Sleep is something I think (and write) about a lot. And after years of interviewing doctors who specialize in the essential human function, it’s become clear to me that quality is more important than quantity.

That is, spending eight hours in bed at night doesn’t necessarily guarantee that you’ll wake up refreshed the next morning. Sleep quality is more dependent on how much time you spend in the two last stages of sleep: REM and deep sleep, or slow-wave sleep. Those later stages are where the body recovers from the day and the brain flushes out waste and consolidates memories.

Unless you’re sleeping hooked up to an ECG, it’s impossible to know how long you actually spend in these later stages every night. But personalized sleep trackers, while not perfect, can give you a pretty good read on what’s happening under the hood when you’re snoozing.

Curious to learn more about my own sleep quality and what influences it, I connected with the team at Oura, who were kind enough to give me a tracker to try. What’s unique about Oura is its ring design. Beyond being more comfortable to wear to bed than a watch, Oura CEO Harpreet Rai explained to me that the ring had a functional component too: Our fingers tend to have a stronger pulse signal than the front of our wrists, which Oura says allows them to take more accurate readings throughout the night. It uses this to approximate the amount of time you spend in the various sleep stages.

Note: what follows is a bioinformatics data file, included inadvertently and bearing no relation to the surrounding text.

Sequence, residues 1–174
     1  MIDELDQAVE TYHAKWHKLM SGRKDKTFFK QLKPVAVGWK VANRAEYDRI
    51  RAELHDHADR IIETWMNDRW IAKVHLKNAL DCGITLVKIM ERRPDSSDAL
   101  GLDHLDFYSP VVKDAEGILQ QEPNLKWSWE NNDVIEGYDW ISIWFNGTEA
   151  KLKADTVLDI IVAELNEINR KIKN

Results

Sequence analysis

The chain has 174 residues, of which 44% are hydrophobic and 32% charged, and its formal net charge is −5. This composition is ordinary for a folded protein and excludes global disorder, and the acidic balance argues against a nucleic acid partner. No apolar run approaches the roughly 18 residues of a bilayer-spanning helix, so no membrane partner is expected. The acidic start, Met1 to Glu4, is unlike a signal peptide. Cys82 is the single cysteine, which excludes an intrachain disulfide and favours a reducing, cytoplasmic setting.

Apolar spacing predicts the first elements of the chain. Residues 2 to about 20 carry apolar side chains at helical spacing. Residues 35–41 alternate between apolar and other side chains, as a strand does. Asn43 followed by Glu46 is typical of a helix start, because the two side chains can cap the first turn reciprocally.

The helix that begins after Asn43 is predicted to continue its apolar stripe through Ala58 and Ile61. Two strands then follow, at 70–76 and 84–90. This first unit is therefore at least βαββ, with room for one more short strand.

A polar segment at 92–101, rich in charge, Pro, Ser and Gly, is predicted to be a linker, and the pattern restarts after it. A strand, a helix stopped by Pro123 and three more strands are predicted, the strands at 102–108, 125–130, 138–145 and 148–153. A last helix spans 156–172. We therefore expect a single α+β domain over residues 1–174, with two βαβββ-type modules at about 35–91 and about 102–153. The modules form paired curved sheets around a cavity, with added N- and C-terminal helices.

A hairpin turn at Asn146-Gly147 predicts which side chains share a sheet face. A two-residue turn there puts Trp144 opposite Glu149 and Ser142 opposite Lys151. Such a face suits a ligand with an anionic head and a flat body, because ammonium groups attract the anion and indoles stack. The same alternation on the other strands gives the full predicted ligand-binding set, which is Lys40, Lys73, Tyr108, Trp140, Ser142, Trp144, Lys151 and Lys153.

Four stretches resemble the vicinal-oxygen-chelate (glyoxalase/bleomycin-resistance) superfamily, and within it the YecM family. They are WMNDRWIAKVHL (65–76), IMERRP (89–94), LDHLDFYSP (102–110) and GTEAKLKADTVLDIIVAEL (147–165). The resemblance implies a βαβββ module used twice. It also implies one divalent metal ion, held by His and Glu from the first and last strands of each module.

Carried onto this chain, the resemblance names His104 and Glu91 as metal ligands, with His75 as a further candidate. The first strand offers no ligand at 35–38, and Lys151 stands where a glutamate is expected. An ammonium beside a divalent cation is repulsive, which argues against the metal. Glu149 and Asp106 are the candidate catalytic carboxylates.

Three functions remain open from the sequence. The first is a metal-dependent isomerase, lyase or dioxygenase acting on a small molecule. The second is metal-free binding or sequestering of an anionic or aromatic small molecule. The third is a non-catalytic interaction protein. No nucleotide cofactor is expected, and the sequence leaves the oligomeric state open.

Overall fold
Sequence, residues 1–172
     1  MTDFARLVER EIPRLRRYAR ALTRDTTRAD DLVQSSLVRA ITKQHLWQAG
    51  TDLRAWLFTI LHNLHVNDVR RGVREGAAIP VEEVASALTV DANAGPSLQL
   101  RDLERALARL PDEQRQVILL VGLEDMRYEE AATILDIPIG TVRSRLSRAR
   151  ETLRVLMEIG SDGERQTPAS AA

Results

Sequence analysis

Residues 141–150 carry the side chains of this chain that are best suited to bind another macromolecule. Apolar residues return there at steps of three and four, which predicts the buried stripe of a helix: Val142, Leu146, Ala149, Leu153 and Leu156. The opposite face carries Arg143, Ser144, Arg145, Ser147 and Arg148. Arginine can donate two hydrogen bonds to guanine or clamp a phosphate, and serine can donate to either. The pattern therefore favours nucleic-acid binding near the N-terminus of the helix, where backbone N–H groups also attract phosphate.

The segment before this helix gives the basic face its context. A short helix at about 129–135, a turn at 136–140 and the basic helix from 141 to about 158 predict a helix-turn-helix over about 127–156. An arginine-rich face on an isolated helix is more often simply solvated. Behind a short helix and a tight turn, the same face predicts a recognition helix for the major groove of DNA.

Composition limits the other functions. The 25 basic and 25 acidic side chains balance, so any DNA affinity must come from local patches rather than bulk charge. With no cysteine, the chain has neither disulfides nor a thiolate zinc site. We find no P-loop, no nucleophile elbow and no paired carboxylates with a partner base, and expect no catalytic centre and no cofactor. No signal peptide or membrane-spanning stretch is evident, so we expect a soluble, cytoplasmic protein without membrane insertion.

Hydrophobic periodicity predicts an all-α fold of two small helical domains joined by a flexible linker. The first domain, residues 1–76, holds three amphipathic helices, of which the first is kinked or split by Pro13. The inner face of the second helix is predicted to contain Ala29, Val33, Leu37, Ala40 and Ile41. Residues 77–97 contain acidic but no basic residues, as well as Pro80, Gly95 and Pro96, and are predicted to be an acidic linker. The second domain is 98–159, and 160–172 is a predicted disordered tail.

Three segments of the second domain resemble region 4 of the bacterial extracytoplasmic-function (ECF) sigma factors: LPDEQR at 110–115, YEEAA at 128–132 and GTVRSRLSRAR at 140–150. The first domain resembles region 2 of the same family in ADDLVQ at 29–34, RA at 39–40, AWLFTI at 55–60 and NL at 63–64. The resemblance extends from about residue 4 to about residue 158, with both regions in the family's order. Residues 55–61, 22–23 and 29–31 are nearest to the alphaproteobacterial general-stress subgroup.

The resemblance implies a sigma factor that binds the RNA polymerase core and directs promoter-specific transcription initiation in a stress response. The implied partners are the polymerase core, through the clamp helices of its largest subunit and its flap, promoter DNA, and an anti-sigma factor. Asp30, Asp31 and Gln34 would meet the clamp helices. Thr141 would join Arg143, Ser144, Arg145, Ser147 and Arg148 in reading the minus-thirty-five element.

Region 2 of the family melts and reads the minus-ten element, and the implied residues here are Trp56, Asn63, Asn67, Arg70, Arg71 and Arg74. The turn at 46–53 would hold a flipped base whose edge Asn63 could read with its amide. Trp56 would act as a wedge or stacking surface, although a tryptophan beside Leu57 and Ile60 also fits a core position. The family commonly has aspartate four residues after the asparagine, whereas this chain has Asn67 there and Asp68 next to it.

The ring also provides data on other factors that could be relevant to sleep quality, like average resting heart rate and body temperature (interestingly enough, some clinical studies have tested the ring for early COVID detection.)

Clearly, “good sleep” doesn’t rely on just one thing. “Sleep is a complicated metric to measure,” board-certified sleep specialist Michael Breus, PhD, said of sleep trackers during a recent event with mattress company Hästens. For this reason, he recommends using trackers to measure any sleep trends that occur over time and not getting too hung up on the numbers that come in nightly. “It’s not about the absolute data; it’s about the relative data,” he added.

With this panned-out perspective in mind, I started tracking my sleep in early January and have looked out for insights on what helps and harms sleep quality along the way. Here’s what the experience has taught me about the factors that get in the way of deep, restorative sleep, at least in my bedroom: